Soderbergh’s Compelling ‘High Flying Bird’ Explores Power Dynamics and Politics in the NBA
Steven Soderbergh teams up with Tarell Alvin McCraney, the scribe behind the play that was the basis for “Moonlight,” for “High Flying Bird,” a Netflix original drama that explores the business side of professional basketball, as well as power dynamics and race. André Holland stars as Ray Burke, a New York-based sports agent who finds himself in a difficult spot in the middle of a NBA lockout. Not only has his boss (Zachary Quinto) suspended his salary, his dependable assistant Sam (Zazie Beetz), has moved on. Now, he’s on a mission to do his part in bringing an end to this stalemate between players and management.
Although “High Flying Bird” is miles away from “Jerry Maguire” in tone, one cannot help but find comparisons with this film and that gold standard of sports business films. Like Maguire, Ray values having more personalized relationships with his clients, preferring to work with rookies over star players. He’s currently invested in Erick Scott (Melvin Gregg), a No. 1 draft pick from the Bronx. Ray sets the young man straight after he fails to properly manage his finances. Not that these athletes are portrayed as spoiled or empty-headed. Ray is very understanding, as he makes clear that years of intense basketball training has left little time for players to be taught how to look out for their best interests when it comes to money, something money-hungry owners use to their advantage, treating their players like commodities. Many parallels are found here between slavery and the NBA, an institution in which there is an imbalance of power between the the mostly white owners and power players and the predominately African-American players. Kyle MacLachlan is perfectly cast as a representative of the former.
The plot is interlaced with interviews from real-life NBA players, a Greek chorus of sorts, and the one that sticks out the most has to do with social media. In the world of Twitter and video phones, work never ends for high-profile people; they must always be alert. This is something Ray learns to use to his advantage by orchestrating a feud between Erick and a rival teammate, Jamero (Justin Hurtt-Dunkley), in an effort to “activate” the former. The ever-loyal Sam helps Ray out in all this, and she’s not the only woman who holds her own here. Sonja Sohn gives a stellar performance as Myra, a player rep who gets flack for wanting to start a family with her female partner. There’s also Mrs. Jamero (Jeryl Prescott), a “momanger” who proves to be a force to be reckoned with.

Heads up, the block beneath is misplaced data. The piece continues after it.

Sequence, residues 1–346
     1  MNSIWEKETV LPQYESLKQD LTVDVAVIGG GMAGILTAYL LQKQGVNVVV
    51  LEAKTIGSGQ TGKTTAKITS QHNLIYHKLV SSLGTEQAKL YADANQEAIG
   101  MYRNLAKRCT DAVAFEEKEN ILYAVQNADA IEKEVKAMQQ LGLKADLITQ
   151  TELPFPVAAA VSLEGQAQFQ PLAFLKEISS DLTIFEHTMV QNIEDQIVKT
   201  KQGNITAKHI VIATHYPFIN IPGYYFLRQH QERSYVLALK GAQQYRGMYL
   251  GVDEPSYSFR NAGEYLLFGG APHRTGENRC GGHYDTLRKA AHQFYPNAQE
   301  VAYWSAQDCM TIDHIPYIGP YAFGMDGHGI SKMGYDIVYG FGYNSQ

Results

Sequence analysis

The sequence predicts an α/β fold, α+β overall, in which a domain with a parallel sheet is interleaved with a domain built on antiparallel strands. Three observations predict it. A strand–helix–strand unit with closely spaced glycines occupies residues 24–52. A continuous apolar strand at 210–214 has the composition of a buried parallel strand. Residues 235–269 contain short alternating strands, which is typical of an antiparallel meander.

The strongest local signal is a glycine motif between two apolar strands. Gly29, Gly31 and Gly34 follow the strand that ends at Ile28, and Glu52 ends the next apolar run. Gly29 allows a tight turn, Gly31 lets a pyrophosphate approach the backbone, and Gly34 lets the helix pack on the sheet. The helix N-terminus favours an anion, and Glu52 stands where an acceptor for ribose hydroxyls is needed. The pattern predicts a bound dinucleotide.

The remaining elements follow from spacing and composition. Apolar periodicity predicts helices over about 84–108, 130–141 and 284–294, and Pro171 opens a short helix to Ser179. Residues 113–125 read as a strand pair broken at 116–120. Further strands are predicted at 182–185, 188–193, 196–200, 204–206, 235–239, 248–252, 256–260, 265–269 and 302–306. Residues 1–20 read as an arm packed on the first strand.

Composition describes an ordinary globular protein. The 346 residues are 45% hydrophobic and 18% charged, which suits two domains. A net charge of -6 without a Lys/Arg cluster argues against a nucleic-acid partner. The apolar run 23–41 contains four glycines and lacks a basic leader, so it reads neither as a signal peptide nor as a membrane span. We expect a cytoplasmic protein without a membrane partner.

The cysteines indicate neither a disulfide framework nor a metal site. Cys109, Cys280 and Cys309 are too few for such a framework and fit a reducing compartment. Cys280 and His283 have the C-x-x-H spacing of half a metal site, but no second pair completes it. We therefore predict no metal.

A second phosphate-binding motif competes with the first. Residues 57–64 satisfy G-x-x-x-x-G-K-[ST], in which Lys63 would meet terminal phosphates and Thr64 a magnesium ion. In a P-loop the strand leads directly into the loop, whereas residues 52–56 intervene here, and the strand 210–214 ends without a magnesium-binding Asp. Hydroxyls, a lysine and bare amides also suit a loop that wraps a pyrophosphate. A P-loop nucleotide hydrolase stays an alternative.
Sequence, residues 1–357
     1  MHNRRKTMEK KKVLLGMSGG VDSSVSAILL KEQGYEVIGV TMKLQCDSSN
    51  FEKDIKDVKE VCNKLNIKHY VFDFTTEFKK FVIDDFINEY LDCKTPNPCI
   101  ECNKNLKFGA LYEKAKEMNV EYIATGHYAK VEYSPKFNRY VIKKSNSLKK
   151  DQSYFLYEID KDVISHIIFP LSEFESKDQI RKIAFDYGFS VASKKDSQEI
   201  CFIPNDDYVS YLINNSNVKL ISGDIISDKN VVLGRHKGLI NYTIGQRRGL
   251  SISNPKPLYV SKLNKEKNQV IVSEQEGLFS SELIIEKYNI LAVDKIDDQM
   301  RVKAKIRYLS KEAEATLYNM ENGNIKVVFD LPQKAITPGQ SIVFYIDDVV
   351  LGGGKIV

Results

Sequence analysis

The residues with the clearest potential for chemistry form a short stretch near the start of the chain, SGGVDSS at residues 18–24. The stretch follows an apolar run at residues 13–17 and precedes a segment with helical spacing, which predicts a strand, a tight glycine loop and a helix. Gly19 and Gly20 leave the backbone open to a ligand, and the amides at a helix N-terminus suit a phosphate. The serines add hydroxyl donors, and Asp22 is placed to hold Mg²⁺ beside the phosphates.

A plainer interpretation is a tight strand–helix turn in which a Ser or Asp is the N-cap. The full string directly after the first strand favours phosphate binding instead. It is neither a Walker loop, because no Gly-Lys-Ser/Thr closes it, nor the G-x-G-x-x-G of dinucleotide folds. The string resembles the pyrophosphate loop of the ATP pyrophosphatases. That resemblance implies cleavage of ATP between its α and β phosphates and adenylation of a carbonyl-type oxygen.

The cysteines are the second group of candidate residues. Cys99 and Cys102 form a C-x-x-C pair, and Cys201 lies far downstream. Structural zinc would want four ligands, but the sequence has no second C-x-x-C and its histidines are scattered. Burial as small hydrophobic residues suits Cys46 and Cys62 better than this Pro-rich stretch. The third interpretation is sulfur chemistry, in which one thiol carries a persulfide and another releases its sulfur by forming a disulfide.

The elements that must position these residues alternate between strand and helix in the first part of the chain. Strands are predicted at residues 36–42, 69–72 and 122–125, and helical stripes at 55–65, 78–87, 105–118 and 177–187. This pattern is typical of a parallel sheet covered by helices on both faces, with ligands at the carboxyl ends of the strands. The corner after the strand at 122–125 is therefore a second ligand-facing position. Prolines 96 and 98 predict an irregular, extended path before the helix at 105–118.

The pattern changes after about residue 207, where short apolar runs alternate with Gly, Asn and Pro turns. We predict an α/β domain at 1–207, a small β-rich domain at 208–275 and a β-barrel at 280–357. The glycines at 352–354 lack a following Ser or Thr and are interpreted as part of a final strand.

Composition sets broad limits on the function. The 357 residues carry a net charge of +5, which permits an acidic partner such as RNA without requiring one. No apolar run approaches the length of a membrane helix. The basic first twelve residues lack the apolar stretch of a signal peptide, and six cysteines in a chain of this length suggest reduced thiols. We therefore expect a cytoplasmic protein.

As “High Flying Bird” was written by a playwright, it should come as no surprise that the dialogue is very theatrical, almost Shakespearean at times. Ray is a compelling character, holding his cards close to his chest, playing the part of a puppet master of sorts. Keeping him grounded is Spencer (Bill Duke), a Bronx youth basketball coach and former player who masterfully plays the wise old man. There’s also a backstory involving Ray and his first client, his cousin, a star player who died under tragic circumstances, although it’s never fully fleshed out.
Just as he did with “Unsane,” Soderbergh shot “High Flying Bird” entirely on an iPhone, and the result is some great shots that makes the viewer feel like a fly on the wall. A notable example of this is when Ray and Myra are conversing at an upscale bar and the camera peers through the small glasses containing the cherries, limes and lemons.
“High Flying Bird” Feb. 8 on Netflix.